Volkswagen is taking a gamble with the 2020 The Volkswagen 2.0T in that it’s banking on being able to sell enough of them despite a rapidly shrinking sedan market. Bravo for still offering it but in the case of the US version, we are missing out on the new platform currently offered in Europe and China. Instead we get the much older platform, dating back to 2012. It’s not all bad since from the roof down all the sheet metal is new and it’s an even better looking car than before.
It’s definitely more dynamic and the front end has more presence than the outgoing model, mostly responsible for the 1.7 inches of additional length. LED headlights are now standard across the range and they are very good, complementing the Passat’s chrome-lined grille. So far so good but does it make decent alternative to buying such mainstream cars as the Camry or the Accord?
Now with only one engine choice the Passat relies on the same turbocharged 2.0-liter inline-four that powers all Passat models. Like last year, the engine makes a mere 174 horsepower, however, the good news is torque has increased by 22 pound-feet for a total of 206.
With very little lag from its turbocharger and a torque peak of 1,700 rpm, the Passat’s power train does a pretty good job once it’s on the move. From a standstill it’s about a half a second quicker with 60 mph coming up in 7.8 seconds. The standard 6 speed automatic transmission is unobtrusive and shifts both ways with little fuss. If you want more speed though you are left wanting and I wish VW had programmed a little more horsepower into this engine, since fuel economy is worse than the outgoing model anyway.
On the Road
On the road the steering is well weighted and the car feels composed and planted in bends. We attacked a couple of sharp turns too fast and the car stayed its course, albeit with plenty of body roll, which helps make the car very comfortable and poised, the suspension soaking up all but the worst potholes.
Even though the Passat glides over bumps it does feel a tad floaty and somewhat disconnected from the road. Steering is accurate and well-weighted, but like many others in this class, it doesn’t offer as much feedback as we would want.
The overall driving experience is basically the same as the previous generation, which is to say it’s just OK. It’ll get you where you’re going with minimal fuss, but there’s little character ……..it’s not going to blow your socks off, it’s more of a steady as you go kind of car……and many people will be perfectly happy with that.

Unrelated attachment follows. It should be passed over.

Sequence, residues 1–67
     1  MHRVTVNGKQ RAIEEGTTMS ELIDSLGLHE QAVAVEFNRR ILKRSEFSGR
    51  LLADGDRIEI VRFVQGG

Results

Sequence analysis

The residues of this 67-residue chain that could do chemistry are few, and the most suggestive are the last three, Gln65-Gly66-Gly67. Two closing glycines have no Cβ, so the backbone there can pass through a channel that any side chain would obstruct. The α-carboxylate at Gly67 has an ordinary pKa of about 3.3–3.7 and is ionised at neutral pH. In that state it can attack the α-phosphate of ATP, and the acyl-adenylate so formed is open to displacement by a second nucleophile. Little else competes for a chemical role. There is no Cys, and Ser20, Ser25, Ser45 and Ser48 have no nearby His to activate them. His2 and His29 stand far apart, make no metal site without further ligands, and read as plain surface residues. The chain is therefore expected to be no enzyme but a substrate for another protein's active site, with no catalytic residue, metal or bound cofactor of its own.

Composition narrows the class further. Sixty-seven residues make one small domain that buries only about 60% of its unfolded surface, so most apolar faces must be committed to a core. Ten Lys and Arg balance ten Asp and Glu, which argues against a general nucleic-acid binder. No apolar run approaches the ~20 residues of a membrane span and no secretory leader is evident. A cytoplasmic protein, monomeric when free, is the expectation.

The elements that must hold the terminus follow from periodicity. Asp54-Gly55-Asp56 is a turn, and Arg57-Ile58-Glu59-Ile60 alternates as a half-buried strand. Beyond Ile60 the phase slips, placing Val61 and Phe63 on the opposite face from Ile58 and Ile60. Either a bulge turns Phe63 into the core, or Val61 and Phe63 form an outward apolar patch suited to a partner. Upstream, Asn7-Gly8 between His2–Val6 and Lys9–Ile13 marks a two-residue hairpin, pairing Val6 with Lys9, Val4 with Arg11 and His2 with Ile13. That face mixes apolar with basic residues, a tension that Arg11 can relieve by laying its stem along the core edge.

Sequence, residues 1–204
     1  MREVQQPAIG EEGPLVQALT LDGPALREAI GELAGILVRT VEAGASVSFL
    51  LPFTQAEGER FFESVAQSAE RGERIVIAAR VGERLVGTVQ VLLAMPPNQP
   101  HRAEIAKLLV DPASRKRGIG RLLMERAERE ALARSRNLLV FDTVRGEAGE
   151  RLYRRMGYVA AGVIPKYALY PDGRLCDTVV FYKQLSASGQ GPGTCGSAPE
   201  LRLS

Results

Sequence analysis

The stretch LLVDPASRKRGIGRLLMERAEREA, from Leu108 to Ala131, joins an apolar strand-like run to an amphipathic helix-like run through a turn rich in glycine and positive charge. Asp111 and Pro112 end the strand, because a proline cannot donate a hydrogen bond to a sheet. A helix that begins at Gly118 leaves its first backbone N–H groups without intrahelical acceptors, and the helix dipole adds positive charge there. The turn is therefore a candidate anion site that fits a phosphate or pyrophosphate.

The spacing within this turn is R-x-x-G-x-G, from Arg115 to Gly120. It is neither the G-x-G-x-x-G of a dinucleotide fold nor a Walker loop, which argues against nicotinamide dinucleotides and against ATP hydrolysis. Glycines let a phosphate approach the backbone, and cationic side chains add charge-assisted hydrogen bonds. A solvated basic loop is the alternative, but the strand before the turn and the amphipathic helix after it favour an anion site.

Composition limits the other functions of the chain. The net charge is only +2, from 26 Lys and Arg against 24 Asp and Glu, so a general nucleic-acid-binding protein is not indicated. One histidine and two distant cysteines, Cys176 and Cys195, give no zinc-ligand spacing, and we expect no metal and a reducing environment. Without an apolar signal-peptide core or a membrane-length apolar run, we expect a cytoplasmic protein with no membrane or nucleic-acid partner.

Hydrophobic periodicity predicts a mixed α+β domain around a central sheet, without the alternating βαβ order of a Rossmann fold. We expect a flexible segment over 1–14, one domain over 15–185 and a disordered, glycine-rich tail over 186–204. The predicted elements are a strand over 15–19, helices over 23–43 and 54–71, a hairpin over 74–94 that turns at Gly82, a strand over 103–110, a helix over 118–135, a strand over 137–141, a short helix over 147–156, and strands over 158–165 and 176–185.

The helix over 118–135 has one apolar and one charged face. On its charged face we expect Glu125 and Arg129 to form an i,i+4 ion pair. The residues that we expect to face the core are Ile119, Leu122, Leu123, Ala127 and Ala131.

My SEL tester arrived in a pretty shade of blue, Tourmaline Blue, and Mauro Brown leather seats. The first thing you notice is there’s a lot of space in the Passat, especially for rear seat passengers, who have positively limo like legroom.
The dash has been redesigned to incorporate air vents that seem to span the width of the cabin, however the touch screen is still the rather small 6.3-inch unit instead of the 8.0-inch touch screen and 10.3-inch digital gauge cluster that Volkswagen offers in its smaller Jetta.
All the control fall easily to hand, but the front seats could use a tad more support. The cabin gives every appearance of having been made with higher quality materials, and this is a good thing.
The 2020 Passat includes standard Apple CarPlay and Android Auto compatibility, automatic front braking with pedestrian detection, blind-spot monitoring, and rear cross-traffic alert. SE and R-Line trims add adaptive cruise control and lane-keeping assist, and on the SEL trim you get automatic high-beam headlights and an in-dash navigation system.
The Passat is good value but unfortunately is no longer the value proposition that it used to be now there are many more options to choose from. True the Honda Accord is more expensive, but is a much better drive and the Optima and Sonata are better value. I still like the VW Passat and I hope they keep offering it Stateside and eventually with the new MQB chassis., however, I somehow doubt that will happen. For now we’ll just have to accept the hand me downs.
2017 Volkswagen Passat 2.0T SEL numbers
BASE PRICE: $31,095
AS TESTED PRICE: $31,095
VEHICLE LAYOUT: Front-engine, FWD, 5-passenger, 4-door sedan
ENGINE: 2.0-liter turbocharged I4
POWER: 174 hp @ 5,200 rpm
TORQUE: 206 lb-ft @ 1,700 rpm
TRANSMISSION: 6-speed dual-clutch automatic with manual shifting mode
CURB WEIGHT: 3,325 lb
0-60 MPH: 7.8 seconds
EPA CITY/HWY/COMB FUEL ECON: 23/34/27 mpg
OUR OBSERVED FUEL ECONOMY 24.5 MPG
PROS: Spacious interior Quicker than expected, V6 exhaust note, smooth power delivery
CONS: Not on the MQB platform yet, needs more power
2020 Volkswagen Passsat 2.0T SEL Review